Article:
As lifeloggers, we capture the details of our own lives using a variety of tools, from pen and paper to the latest high-tech sensors. What does it mean when another person’s image or location is captured incidentally? How will non-lifeloggers feel about being lifelogged? Is there a new etiquette forming around 1-on-1 surveillance?
At this year’s Quantified Self Europe conference, Memoto offered up the prototype of their lifelogging camera to see how people would respond both to wearing the camera, and to being unwittingly photographed. Four veteran Quantified-Selfers volunteered to take turns donning the device, which automatically snaps a photo every thirty seconds. At the end of the day, we gathered for a town hall discussion about the ethical and psychological outcomes of the experiment.
In general, the camera made the wearer more uncomfortable than those who were photographed. All four participants reported feeling awkward about if, how, and when to mention, “I’m taking your photo.” When they did, their subjects did not seem at all perturbed. Of course, this is a QS conference. We’re used to being tracked.
If it’s logged, people believe it will be shared. The conversation was largely focused on whether it’s ok to put candid photos of other people on the internet. Since lifelogs are by and large personal, private experiments, I wonder why there’s so much anxiety about their publication. Memoto stores photos privately, and unless that changes, random photos of you from unflattering angles are unlikely to ever appear in public. But there is something unsettling about knowing that they could be.
Wearing a camera may change your behavior. A couple of the volunteers reported feeling that they did not want their photo stream to come off as boring. Whitney Erin Boesel mentioned feeling more insecure about her social awkwardness, because she wouldn’t want to be seen not interacting with other people at a conference. So she made a point of interacting while she wore the camera.
If there’s a camera, it’s better to be behind it. All four participants reported feeling unhappy to give up the camera, but not because they were having so much fun. There was only one Memoto camera, and as long as they were wearing it, they knew where it was. Oddly, only the people who wore the camera seemed to feel this uneasiness about not knowing where the camera might be.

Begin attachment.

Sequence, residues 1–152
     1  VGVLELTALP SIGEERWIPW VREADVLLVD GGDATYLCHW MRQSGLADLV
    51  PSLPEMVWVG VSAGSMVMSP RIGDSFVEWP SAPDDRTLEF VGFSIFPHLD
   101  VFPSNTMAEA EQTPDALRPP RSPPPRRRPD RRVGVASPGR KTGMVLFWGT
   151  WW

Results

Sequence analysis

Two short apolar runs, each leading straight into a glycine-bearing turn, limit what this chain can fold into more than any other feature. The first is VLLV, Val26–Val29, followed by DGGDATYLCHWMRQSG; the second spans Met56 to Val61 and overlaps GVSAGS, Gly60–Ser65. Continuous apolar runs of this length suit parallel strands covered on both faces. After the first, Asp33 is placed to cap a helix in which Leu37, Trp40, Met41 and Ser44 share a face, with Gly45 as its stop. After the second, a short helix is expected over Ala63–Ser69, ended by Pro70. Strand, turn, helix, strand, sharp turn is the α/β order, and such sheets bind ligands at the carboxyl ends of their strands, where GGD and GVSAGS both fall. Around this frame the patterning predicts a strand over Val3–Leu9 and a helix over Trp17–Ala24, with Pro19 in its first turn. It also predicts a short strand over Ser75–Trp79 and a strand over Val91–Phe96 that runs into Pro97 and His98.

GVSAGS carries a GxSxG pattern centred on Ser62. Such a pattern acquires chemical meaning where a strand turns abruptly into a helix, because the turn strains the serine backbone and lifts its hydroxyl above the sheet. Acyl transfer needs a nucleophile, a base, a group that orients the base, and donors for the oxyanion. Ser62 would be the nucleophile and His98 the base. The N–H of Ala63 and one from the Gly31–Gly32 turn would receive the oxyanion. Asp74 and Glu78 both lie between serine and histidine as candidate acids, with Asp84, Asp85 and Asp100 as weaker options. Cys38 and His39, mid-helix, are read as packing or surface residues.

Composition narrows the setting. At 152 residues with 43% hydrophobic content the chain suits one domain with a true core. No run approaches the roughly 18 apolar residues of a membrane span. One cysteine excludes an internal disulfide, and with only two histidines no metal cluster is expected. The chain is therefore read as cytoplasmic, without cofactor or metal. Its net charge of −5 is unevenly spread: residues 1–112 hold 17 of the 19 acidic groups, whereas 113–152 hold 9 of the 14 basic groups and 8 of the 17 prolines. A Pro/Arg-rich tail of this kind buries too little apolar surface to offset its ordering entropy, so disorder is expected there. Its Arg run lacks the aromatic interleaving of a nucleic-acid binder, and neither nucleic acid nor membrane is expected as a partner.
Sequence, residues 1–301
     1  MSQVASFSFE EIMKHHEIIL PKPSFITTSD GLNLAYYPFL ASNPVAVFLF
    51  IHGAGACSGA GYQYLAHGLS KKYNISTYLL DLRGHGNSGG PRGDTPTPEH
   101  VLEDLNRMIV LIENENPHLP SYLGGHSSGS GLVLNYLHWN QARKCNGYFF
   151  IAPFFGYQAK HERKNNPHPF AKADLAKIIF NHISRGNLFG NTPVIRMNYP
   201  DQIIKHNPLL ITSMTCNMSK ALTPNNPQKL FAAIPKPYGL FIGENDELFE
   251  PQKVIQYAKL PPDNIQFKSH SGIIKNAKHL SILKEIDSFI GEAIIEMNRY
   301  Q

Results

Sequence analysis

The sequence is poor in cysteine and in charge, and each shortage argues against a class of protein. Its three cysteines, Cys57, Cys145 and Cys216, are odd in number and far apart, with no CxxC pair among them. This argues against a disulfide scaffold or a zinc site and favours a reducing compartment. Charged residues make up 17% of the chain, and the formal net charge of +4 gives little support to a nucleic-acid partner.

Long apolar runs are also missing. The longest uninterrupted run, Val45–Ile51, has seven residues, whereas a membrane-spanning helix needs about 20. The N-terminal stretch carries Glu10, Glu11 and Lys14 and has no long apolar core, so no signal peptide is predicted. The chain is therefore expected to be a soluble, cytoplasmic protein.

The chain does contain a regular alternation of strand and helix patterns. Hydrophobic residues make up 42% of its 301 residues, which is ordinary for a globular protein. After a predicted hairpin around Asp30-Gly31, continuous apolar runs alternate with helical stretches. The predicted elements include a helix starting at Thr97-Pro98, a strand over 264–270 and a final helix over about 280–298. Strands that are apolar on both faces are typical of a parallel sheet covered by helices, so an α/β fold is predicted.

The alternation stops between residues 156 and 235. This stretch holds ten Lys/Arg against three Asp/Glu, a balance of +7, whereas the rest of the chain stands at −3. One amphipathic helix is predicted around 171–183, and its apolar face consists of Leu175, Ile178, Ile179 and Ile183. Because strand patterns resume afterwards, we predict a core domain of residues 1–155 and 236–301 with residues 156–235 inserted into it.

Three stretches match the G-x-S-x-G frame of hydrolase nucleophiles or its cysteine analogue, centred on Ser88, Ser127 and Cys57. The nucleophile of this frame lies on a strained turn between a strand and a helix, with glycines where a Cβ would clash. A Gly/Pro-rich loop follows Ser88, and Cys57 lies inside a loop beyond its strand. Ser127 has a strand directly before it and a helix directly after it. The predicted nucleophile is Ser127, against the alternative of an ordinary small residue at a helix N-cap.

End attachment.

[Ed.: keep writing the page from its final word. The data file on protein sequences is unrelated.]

There’s an alarming trend of resignation to surveillance. A number of attendees expressed the sentiment that there’s nothing we can do about ubiquitous surveillance, so we might as well accept it. Really? Surely we’re not ready to lie down for a dystopian police state? But I admit to sharing in this resignation to a degree. I’m being photographed by surveillance cameras, satellite cameras, drones operated by hobbyists, random smartphones in bars, and who knows what else. Believing that I can control how my image is used seems a bit far-fetched. But I think there is a line to be drawn at some point.
It’s different for women. Whitney Erin Boesel brought up a great point. We still live in a sexist culture with double standards about what is acceptable behavior for men and women. While men can be rather cavalier about candid photos floating around out there, women are much more likely to be judged. While there may be nothing immoral or illegal about, say, going clubbing, could photos seen by colleagues change their opinion of a woman’s professional reputation?
We have no idea what to do with all of these photos. There’s some concern that producing massive quantities of digital imagery will create data noise, with negligible signal. It’s not easy to make meaning out of data, especially when it’s visual data. Adding other sensors and services can provide more context.
As products like Memoto, Google Glass, and Autographer become mainstream, this conversation will become even more important. QS participants are spearheading discussions that everyone should take part in. Lifelogging is no longer just for data-driven self-hackers, it’s for everyone. Download Saga for Android or iOS and join the lifelogging revolution.